The ongoing drought conditions in India have affected 256 districts in 10 different states and more than 300 million people. Another figure quoted by the Minister of Rural Development and Minister of Drinking Water and Sanitation stands at 313 districts in 13 states. In many parts of the country, acute water scarcity and water stress have created severe economic and social distress, including the loss of crops, farmer suicides and rural-to-urban migration. Indeed, the situation is so precarious that the Supreme Court (the apex court in India) has stepped in to direct the central government to declare the drought a humanitarian disaster and to establish a consolidated fund and national response force to deal with the drought conditions.
Whilst much analysis has been carried out linking these drought conditions to climate change, through the investigation of socio-economic implications and exploring potential policy options to tackle the problem, a more inclusive and holistic approach towards addressing the issue needs to be brainstormed and put into action. The Water-Energy-Food (WEF) Nexus approach could potentially put the issue into perspective and help offer solutions.
The natural and human factors
The nexus approach towards understanding and tackling resource issues emerged primarily in the wake of the food and energy crisis in 2007-2008. Since then, the nexus approach has been adopted to analyse a number of insecurities connected to water, energy, food and climate, especially with a focus on human security. In a country like India, rising population and growing prosperity are already putting unsustainable pressures on available resources. A changing climate and poor natural resource management are compounding the stress.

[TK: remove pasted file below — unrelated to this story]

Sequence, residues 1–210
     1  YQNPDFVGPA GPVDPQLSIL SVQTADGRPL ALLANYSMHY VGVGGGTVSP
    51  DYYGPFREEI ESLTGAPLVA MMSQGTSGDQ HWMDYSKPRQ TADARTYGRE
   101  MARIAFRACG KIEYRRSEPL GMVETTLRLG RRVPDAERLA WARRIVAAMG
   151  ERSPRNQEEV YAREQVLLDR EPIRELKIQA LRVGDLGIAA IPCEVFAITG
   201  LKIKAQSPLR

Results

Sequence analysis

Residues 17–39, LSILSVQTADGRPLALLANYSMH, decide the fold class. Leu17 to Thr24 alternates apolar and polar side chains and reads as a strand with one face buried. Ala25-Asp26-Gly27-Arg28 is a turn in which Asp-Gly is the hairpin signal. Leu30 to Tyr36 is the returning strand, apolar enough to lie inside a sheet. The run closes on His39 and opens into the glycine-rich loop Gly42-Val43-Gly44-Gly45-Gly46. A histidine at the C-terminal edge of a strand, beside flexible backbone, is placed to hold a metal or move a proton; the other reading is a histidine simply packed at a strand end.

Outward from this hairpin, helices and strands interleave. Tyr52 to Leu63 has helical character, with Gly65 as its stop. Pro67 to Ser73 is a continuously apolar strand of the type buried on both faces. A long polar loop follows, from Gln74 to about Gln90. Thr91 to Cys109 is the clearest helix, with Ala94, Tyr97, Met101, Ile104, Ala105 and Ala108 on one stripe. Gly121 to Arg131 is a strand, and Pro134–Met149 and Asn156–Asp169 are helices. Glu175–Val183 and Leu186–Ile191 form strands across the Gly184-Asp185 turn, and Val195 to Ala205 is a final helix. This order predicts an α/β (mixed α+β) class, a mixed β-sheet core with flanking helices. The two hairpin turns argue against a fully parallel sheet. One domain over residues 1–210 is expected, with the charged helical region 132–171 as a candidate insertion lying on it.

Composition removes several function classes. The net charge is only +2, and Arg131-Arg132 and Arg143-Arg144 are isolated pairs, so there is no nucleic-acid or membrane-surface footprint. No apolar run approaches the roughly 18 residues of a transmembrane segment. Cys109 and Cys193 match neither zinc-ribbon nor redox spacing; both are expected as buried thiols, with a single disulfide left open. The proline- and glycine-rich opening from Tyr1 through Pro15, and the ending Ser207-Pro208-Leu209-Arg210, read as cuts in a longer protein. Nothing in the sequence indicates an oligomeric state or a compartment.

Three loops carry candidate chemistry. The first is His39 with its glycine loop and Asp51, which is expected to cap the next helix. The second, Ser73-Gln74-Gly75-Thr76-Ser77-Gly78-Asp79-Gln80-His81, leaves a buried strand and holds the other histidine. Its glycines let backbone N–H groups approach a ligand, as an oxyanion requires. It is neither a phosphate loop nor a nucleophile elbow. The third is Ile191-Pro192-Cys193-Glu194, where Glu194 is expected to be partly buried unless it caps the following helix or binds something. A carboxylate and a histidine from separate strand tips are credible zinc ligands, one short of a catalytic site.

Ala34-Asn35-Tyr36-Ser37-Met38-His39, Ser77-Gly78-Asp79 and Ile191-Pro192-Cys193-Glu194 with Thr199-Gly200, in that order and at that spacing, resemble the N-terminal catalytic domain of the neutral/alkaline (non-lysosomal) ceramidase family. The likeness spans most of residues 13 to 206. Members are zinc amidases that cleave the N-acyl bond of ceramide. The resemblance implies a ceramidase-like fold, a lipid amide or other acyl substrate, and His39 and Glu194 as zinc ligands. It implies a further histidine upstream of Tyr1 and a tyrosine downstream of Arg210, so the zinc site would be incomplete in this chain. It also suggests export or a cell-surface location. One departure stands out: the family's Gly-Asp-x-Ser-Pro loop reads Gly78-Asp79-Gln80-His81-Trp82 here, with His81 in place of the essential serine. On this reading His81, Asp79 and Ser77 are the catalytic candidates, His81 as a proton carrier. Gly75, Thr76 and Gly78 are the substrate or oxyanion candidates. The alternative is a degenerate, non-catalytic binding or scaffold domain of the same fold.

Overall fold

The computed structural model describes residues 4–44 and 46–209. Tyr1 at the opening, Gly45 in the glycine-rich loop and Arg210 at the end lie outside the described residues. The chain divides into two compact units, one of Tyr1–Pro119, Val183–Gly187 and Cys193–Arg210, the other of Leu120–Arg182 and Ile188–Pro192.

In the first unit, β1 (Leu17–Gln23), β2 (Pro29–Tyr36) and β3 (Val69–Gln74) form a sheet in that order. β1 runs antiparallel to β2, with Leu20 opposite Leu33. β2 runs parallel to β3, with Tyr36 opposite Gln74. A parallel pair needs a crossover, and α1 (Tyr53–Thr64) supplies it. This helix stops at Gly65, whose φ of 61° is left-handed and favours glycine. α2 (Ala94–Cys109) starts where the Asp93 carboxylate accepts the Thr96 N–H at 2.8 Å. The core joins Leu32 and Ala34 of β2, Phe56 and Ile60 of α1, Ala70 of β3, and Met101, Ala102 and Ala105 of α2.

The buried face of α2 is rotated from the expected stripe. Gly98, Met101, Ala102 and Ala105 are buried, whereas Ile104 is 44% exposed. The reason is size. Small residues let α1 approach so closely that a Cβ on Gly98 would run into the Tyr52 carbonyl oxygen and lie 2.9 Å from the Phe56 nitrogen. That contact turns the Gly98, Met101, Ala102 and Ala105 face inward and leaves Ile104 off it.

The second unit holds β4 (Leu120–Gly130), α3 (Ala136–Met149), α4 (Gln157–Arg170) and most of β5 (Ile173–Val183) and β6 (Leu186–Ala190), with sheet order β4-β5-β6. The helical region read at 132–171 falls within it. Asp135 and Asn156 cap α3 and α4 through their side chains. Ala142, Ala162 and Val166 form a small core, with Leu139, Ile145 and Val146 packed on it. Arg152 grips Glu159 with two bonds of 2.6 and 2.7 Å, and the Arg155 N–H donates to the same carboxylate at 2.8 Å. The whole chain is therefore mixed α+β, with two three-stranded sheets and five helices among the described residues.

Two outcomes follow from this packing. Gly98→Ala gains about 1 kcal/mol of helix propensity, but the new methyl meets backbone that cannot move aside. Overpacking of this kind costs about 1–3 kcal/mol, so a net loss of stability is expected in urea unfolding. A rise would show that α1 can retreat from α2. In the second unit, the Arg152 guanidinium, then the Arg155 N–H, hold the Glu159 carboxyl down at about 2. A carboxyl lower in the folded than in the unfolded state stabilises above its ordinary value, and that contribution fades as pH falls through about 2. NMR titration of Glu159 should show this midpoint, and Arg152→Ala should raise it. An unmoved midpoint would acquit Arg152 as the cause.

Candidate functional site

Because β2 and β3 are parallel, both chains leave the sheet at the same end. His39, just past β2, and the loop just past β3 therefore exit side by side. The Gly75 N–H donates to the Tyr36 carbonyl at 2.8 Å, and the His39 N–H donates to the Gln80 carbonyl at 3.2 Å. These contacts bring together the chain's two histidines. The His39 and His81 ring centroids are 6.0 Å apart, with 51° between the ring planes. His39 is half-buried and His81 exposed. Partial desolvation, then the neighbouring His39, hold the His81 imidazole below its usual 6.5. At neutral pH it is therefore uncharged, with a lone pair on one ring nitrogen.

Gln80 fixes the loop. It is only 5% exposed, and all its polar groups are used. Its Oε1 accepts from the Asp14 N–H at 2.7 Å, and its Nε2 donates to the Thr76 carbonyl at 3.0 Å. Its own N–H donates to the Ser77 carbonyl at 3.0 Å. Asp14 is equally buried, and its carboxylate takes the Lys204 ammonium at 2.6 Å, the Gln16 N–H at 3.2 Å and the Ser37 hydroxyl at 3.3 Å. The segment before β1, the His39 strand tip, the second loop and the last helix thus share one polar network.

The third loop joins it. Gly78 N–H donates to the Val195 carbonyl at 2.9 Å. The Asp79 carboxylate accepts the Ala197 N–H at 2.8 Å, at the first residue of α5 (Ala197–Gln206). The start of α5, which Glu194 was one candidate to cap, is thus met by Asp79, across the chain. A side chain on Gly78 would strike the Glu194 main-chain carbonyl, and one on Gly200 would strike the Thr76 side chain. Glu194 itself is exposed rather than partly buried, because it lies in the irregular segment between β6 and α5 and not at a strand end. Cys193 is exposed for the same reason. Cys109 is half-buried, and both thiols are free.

In 2015, the El-Nino phenomenon induced drought-like conditions with a 14 percent deficit in rainfall during the southwest monsoon period, which is linked to climate change. Some regions even experienced rainfall deficiency of over 40%. However, this alone cannot be blamed for the water crisis that the country is experiencing. As experts observe, a good monsoon this year cannot resolve India’s long-term water woes. Whether it is unregulated groundwater extraction for irrigation, water wastage in urban areas, diversion of river water for different purposes, lack of investments in storage systems, unsustainable cropping patterns or the pricing of energy and agricultural commodities – the range of factors that have contributed to the drought is extensive. This clearly points towards the nexus operating at all levels.